SSH authentication with GnuPG and smart cards

Most system administrators know how to use key-based authentication with SSH. Some of the more obvious benefits include agent forwarding (i.e. being able to use your SSH key on a remote system) and not having to remember passwords. There are, however, a few issues with having your SSH key on a general-purpose computer: Malware can obtain an unencrypted copy of your private SSH key fairly easily. Also, while migrating your key to another system is fairly easy it’s virtually impossible to securely use your SSH key on another untrusted system (e.g. at a customer).
This is where smart cards come in. A smart card stores certificates (such as your SSH key) and provides functionality for operating on those certificates (e.g. using their private key to sign or decrypt data). Smart cards come in various form factors: credit cards, SIM cards, etc. – which commonly require a separate card reader in order to be usable. However, there are also USB devices which implement all the usual smart card features in addition to other security features (e.g. requiring the user to press a key on the device before an authentication request is signed).
One such device is the Yubikey 4 which I’m personally using for SSH authentication.
The first step towards using a new Yubikey for SSH authentication is enabling the OpenPGP applet on it:

$ ykpersonalize -m82

I already had a PGP key, however in order to use it for authentication I had to create an additional subkey for the key usage type “authentication”. Here’s how that can be done:

$ gpg --edit-key --expert info@example.org
gpg (GnuPG) 2.1.23; Copyright (C) 2017 Free Software Foundation, Inc.
This is free software: you are free to change and redistribute it.
There is NO WARRANTY, to the extent permitted by law.
Secret key is available.
sec rsa2048/42330DF1CA650A40
created: 2017-08-24 expires: never usage: SC
trust: ultimate validity: ultimate
ssb rsa2048/56D8D1BBE7E720DB
created: 2017-08-24 expires: never usage: E
[ultimate] (1). NETWAYS Blog <info@example.org>
gpg> addkey
Please select what kind of key you want:
(3) DSA (sign only)
(4) RSA (sign only)
(5) Elgamal (encrypt only)
(6) RSA (encrypt only)
(7) DSA (set your own capabilities)
(8) RSA (set your own capabilities)
(10) ECC (sign only)
(11) ECC (set your own capabilities)
(12) ECC (encrypt only)
(13) Existing key
Your selection? 8
Possible actions for a RSA key: Sign Encrypt Authenticate
Current allowed actions: Sign Encrypt
(S) Toggle the sign capability
(E) Toggle the encrypt capability
(A) Toggle the authenticate capability
(Q) Finished
Your selection? s
Possible actions for a RSA key: Sign Encrypt Authenticate
Current allowed actions: Encrypt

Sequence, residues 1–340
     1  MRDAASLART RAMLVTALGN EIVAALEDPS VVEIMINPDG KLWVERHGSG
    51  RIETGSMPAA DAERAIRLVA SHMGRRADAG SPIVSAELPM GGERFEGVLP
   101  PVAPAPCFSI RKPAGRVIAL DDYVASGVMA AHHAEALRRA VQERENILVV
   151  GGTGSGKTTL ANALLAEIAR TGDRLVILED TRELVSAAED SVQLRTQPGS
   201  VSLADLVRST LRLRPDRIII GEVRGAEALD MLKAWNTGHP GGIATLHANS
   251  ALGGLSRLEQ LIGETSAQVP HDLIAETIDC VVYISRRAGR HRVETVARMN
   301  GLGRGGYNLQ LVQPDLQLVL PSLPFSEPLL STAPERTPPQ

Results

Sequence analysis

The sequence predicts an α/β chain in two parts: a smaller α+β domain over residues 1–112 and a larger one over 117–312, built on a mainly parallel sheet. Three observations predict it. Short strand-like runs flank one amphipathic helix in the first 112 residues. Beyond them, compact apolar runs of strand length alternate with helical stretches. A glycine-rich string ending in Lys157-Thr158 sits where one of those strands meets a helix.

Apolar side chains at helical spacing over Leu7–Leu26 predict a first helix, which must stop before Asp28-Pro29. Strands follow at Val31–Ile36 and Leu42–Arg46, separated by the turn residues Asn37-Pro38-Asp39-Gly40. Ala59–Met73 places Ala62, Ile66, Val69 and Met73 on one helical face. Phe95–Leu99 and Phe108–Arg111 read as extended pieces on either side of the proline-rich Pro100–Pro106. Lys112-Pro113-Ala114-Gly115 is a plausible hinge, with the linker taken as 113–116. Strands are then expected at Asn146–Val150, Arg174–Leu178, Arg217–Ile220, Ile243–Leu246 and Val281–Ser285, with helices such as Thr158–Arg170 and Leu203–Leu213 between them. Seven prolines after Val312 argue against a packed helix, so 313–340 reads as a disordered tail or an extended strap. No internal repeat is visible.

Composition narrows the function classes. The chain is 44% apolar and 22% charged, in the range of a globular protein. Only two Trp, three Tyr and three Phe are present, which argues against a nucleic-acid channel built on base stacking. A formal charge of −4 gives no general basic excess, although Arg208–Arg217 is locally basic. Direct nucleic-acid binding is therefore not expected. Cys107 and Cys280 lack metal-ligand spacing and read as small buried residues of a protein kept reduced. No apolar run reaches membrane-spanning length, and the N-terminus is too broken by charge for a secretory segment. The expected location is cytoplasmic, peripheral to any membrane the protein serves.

(S) Toggle the sign capability
(E) Toggle the encrypt capability
(A) Toggle the authenticate capability
(Q) Finished
Your selection? e
Possible actions for a RSA key: Sign Encrypt Authenticate
Current allowed actions:
(S) Toggle the sign capability
(E) Toggle the encrypt capability
(A) Toggle the authenticate capability
(Q) Finished
Your selection? a
Possible actions for a RSA key: Sign Encrypt Authenticate
Current allowed actions: Authenticate
(S) Toggle the sign capability
(E) Toggle the encrypt capability
(A) Toggle the authenticate capability
(Q) Finished
Your selection? q
RSA keys may be between 1024 and 4096 bits long.
What keysize do you want? (2048)
Requested keysize is 2048 bits
Please specify how long the key should be valid.
0 = key does not expire
= key expires in n days
w = key expires in n weeks
m = key expires in n months
y = key expires in n years
Key is valid for? (0)
Key does not expire at all
Is this correct? (y/N) y
Really create? (y/N) y
We need to generate a lot of random bytes. It is a good idea to perform
some other action (type on the keyboard, move the mouse, utilize the
disks) during the prime generation; this gives the random number
generator a better chance to gain enough entropy.
sec rsa2048/42330DF1CA650A40
created: 2017-08-24 expires: never usage: SC
trust: ultimate validity: ultimate
ssb rsa2048/56D8D1BBE7E720DB
created: 2017-08-24 expires: never usage: E
ssb rsa2048/5F43E49ED794BDEF
created: 2017-08-24 expires: never usage: A
[ultimate] (1). NETWAYS Blog <info@example.org>
gpg> save

Now that we’ve created a new subkey we can move its private key part to the smart card:

$ gpg --edit-key --expert info@example.org
gpg (GnuPG) 2.1.23; Copyright (C) 2017 Free Software Foundation, Inc.
This is free software: you are free to change and redistribute it.
There is NO WARRANTY, to the extent permitted by law.
Secret key is available.
sec rsa2048/42330DF1CA650A40
created: 2017-08-24 expires: never usage: SC
trust: ultimate validity: ultimate
ssb rsa2048/56D8D1BBE7E720DB
created: 2017-08-24 expires: never usage: E
ssb rsa2048/5F43E49ED794BDEF
created: 2017-08-24 expires: never usage: A
[ultimate] (1). NETWAYS Blog <info@example.org>
gpg> toggle
sec rsa2048/42330DF1CA650A40
created: 2017-08-24 expires: never usage: SC
trust: ultimate validity: ultimate
ssb rsa2048/56D8D1BBE7E720DB
created: 2017-08-24 expires: never usage: E
ssb rsa2048/5F43E49ED794BDEF
created: 2017-08-24 expires: never usage: A
[ultimate] (1). NETWAYS Blog <info@example.org>
gpg> key 2
sec rsa2048/42330DF1CA650A40